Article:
How Much Does an ADU Cost in California?
How much does an ADU cost in California? What’s the actual price of building, and how much will an average unit cost you?
Thanks to the recent (and the not-so-recent) changes in Californian housing and building laws, building ADUs and container homes is no longer a feat equivalent to running an obstacle course that never ends. In fact, given that the government of California has been relaxing the requirements for ADU building for years now, the dream of having your very own accessory dwelling unit (ADU) isn’t as unattainable as it once was.
Today, you can build a couple hundred square foot house in your backyard within weeks and enjoy both the extra space and the potential passive income. But is it really that easy to build a tiny house next to your single-family home?
The answer to that is both yes and no. First of all, the government may have made it easier for you to obtain permits, find financing help, and enjoy lower property taxes, but that doesn’t mean you can build a house out of nothing. You still have construction costs to think about, as well as other expenses that come with making tiny custom homes.
So let’s see how much does an ADU cost in California!
The Abyss That Is the California Housing Market
No matter if you’re a California native or one of the many people who flooded to California in search of better weather and more comfortable living, you’re probably well aware of one thing — the California housing market is a mess.
First of all, nothing on the California housing market is simple. Even though the state is seeing a smaller influx of people over the past couple of years, the housing market isn’t really reflecting that. Housing is still a great luxury. That essentially means that the affordable housing crisis is still in full swing.
Owning a house is practically impossible, given that the median price of a single-family home is, on average, around $600,000. But owning isn’t the only housing option, right? Surely there are others, more affordable ones?
Of course. However, renting isn’t really an affordable option either. California has the 4th highest average rent in the country. Densely populated areas, like the Los Angeles area or the San Francisco Bay area, for example, have extremely high rents, which leaves a lot of people struggling to make that monthly payment and still have enough money at the end of the month.
Due to that, California currently holds the record when it comes to numbers of homeless people. Research suggests that more than 25% of all homeless people in the US reside in California.
These numbers are crushing, and the government can no longer ignore them, which is why it’s investing resources in affordable housing options such as ADUs and container homes.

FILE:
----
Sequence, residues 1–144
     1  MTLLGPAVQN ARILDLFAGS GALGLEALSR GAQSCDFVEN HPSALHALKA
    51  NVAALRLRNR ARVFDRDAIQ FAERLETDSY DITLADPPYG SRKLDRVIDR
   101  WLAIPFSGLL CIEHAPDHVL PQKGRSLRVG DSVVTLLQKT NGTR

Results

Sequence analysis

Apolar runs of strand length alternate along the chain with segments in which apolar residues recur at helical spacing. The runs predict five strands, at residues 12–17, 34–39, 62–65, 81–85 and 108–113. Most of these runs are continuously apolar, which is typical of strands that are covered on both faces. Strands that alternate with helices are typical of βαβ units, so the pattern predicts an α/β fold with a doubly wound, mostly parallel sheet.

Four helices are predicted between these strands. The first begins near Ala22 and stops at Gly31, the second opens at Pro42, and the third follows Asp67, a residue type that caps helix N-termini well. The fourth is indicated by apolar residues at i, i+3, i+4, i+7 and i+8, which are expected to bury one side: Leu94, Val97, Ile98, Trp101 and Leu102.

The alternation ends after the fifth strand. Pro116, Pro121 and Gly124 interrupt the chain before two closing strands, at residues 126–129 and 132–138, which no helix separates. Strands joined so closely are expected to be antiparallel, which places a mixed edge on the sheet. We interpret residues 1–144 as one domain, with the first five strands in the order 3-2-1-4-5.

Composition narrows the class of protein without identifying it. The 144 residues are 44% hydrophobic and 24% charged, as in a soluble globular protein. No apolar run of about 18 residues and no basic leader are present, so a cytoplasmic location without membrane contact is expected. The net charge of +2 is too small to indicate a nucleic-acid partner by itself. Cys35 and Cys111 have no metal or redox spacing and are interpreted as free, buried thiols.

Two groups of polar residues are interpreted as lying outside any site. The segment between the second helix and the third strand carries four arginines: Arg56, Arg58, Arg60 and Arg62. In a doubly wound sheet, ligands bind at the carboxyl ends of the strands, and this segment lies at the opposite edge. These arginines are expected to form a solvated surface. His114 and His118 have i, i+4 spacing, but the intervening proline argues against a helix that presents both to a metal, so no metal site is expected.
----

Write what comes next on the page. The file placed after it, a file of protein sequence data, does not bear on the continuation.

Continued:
These alternative housing options are:
- cheaper to build
- easier to implement
- more affordable as long-term rental units
Potential Solutions — ADUs and Container Homes
So, alternative housing really seems to be the close-to-perfect solution to the affordable housing crisis. ADUs are easy to build and allow people to dwell in already densely populated areas (without the need to restructure the entire neighborhood in order to build more living space) without paying an arm and a leg for rent. They are also more eco-friendly than traditional building, and they help with stopping the urban sprawl.
On the flip side of that same coin, building accessory dwelling units, be they detached ones or garage conversions (or even shipping container homes), allows homeowners to expand their total livable space and earn a bit of rental income by finding tenants for their new dwelling units.
But how much does one have to invest in order to get that extra income from their rental properties?
How Much does an ADU Cost in California — a Study of Averages
An ADU is a great way to make a real estate investment in a state that’s notoriously difficult when it comes to that. That’s part of the reason why ADUs are becoming more and more popular in California. Not only that but selling a house that has an extra unit in the backyard is much easier than selling one without it.
On average, an ADU will cost you around $156,000. However, that number doesn’t really tell you much, does it?
Generally speaking, the price of an ADU depends on:
- the size and location
- the construction material costs
In reality, you need to know how much all of these factors cost so you can calculate your building budget. Not to mention, once you actually build your ADU, you also have to furnish it, which increases the overall cost. So, that’s also something to consider.
Major Costs of Building
There are a couple of major building costs that you need to consider. First of all, you have to get your permits. Depending on the type of building you’re going for, you can either get them yourself or have a building company do it for you. Here at Cedar Dwellings, we offer turn-key solutions, which means that we take care of everything for you and the final cost of the ADU includes everything, even the permits.